One of the iconic symbols of the city, London black cabs can be seen whizzing about the streets on a daily basis. Like the yellow cab in America, a London taxi carries with it a certain cultural significance. When Stephen Fry toured America, he did so in a black cab (and actually drives one in Britain as his personal car). But what is it that makes the black cab so important? Have a look below at ten interesting facts and figures about this embodiment of London transportation.
Perhaps the most important part of being a London taxi driver is “The Knowledge”. This refers to a test that every taxi driver must pass to receive his or her license. Would-be drivers study for 2-4 years in order to develop a working knowledge of London’s 320 routes in a six-mile radius of Charing Cross, which includes 25,000 streets and 20,000 landmarks. Drivers who pass get a green badge. There is also a yellow badge that covers a smaller, suburban area of London and does not permit drivers to enter the same area as green badge drivers.
CABS OF MANY COLOURS
While black is the most common colour for London taxis, it’s not required to be so. They can be blue, yellow, green, red, whatever. Most tend to be black because of its recognition.
BUSINESS BUSINESS BUSINESS! NUMBERS!
There are approximately 21,000 black cabs in London. Many cab drivers own their taxi and operate as independent businesses. Technically, you’re stepping into a “shop” each time you enter one.
The first taxicab licenses were issued in 1639 to the Corporation of Coachmen. Hackney carriages, the first horse-drawn carriages for hire, were issued their licenses in 1662, and later became Hansom Cabs in 1834. The first motorised cabs were introduced to London in 1908 and by the 1920s they had superseded hansom cabs as the primary taxi vehicle.
YOU MUST BE THIS TALL TO RIDE
By law, taxicabs had to be tall enough for a passenger to sit comfortably while wearing a bowler hat. Additionally, at one time, hackney carriages were required to carry a bale of hay for the horse. This law was held over for a time even after motorised cabs began to operate.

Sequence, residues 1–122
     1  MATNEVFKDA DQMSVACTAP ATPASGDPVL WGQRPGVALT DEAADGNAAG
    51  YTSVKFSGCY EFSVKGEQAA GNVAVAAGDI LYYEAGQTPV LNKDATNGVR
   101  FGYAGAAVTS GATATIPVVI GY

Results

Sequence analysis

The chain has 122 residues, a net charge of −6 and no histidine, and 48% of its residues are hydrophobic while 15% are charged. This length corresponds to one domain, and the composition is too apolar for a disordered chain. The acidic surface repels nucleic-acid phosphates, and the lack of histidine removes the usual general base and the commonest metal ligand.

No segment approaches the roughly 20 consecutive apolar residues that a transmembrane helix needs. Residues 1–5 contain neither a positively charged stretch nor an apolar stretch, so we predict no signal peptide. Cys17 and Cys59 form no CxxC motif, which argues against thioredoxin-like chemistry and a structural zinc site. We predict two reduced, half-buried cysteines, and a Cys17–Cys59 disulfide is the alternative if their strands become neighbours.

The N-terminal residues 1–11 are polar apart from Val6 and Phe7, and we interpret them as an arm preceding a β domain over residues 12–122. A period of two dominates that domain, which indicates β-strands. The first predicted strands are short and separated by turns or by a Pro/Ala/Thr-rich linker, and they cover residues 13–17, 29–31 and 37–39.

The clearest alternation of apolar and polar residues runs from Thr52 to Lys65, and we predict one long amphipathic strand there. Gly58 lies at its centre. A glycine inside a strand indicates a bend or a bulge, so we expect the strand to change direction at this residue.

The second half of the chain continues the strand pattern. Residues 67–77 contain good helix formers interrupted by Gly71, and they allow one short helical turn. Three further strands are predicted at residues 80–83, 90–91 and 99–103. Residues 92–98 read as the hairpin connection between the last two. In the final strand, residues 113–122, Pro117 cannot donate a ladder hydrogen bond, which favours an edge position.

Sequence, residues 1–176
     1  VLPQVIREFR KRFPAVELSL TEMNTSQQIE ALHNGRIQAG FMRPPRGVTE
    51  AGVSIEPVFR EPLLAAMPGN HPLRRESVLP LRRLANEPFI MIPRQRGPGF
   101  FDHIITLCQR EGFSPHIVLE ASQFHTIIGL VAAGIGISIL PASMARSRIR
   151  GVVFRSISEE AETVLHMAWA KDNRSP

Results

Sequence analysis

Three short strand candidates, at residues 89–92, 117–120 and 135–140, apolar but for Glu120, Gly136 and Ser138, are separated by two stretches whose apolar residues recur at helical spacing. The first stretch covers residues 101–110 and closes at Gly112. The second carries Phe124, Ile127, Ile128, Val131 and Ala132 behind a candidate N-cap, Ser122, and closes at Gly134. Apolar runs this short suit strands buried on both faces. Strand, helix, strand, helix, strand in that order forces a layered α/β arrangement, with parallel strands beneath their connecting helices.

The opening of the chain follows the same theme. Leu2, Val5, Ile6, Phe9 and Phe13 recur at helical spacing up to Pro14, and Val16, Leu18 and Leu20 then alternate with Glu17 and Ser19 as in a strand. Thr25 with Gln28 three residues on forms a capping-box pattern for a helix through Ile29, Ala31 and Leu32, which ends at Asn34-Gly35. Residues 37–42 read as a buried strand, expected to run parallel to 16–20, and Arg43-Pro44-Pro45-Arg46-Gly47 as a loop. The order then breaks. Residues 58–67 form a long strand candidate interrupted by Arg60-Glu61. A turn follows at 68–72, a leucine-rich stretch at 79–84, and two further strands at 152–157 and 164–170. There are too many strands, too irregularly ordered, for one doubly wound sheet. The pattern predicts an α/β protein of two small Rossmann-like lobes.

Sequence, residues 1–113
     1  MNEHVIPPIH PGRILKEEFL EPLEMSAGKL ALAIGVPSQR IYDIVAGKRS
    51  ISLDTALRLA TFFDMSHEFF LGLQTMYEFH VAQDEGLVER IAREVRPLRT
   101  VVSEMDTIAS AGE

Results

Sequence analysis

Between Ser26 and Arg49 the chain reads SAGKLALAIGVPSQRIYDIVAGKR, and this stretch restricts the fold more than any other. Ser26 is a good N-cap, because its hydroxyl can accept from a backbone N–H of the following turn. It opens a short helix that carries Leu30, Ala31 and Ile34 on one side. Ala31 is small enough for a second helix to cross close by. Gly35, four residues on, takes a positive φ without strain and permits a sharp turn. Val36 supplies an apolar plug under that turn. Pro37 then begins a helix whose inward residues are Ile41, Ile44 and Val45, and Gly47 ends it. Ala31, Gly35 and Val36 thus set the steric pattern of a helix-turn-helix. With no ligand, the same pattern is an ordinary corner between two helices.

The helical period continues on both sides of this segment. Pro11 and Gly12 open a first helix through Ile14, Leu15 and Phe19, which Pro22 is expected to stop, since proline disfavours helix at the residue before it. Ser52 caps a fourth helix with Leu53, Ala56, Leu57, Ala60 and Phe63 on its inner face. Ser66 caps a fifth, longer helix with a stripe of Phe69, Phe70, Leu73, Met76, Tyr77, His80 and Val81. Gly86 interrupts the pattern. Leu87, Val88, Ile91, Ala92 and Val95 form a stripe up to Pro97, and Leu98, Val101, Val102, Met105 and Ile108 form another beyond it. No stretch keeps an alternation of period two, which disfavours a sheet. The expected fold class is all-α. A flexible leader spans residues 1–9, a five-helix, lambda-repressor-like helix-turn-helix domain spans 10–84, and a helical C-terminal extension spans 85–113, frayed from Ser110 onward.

Black cabs have a turning circle of only 25 feet. The reason for this is supposedly to accommodate the small roundabout at the entrance of the Savoy Hotel. This turning radius later became legally required of all London taxis. Savoy Court is also one of the only places in London where vehicles drive on the right, and it was the custom of patrons to sit behind the driver so that they would enter or exit the cab on the side facing the hotel.
Technically, it’s against the law for you to yell “Taxi!” to get their attention. If you see a cab with a lit sign, just hold out your arm to signal them.
WHAT’S IN A NAME?
The term “taxi” comes from taximeter, the counter used to measure miles traveled and fare. “Cab” was short for “cabriolet”, a French verb for “to leap”, which was a type of taxi and what one did to exit them.
I REALLY NEED TO GO
There’s some question as to whether this is real or myth, but some interpret the Town Police Clauses Act of 1847 to permit one to urinate on a London taxi’s left rear wheel provided that the driver’s right hand was touching the cab. The Law Commission refutes this interpretation, but debate of the legality of this action continues to propagate.
DRIVE ON *COUGH COUGH*
It was also once supposedly illegal for people to hail a cab while suffering from the bubonic plague. This is still partly true, as the Public Health (Control of Disease) Act of 1984 requires a person suffering from a notifiable disease to inform the cab driver, who may then decide whether to ferry the passenger. If he does so, he is then required to notify the authorities and disinfect the cab before taking another fare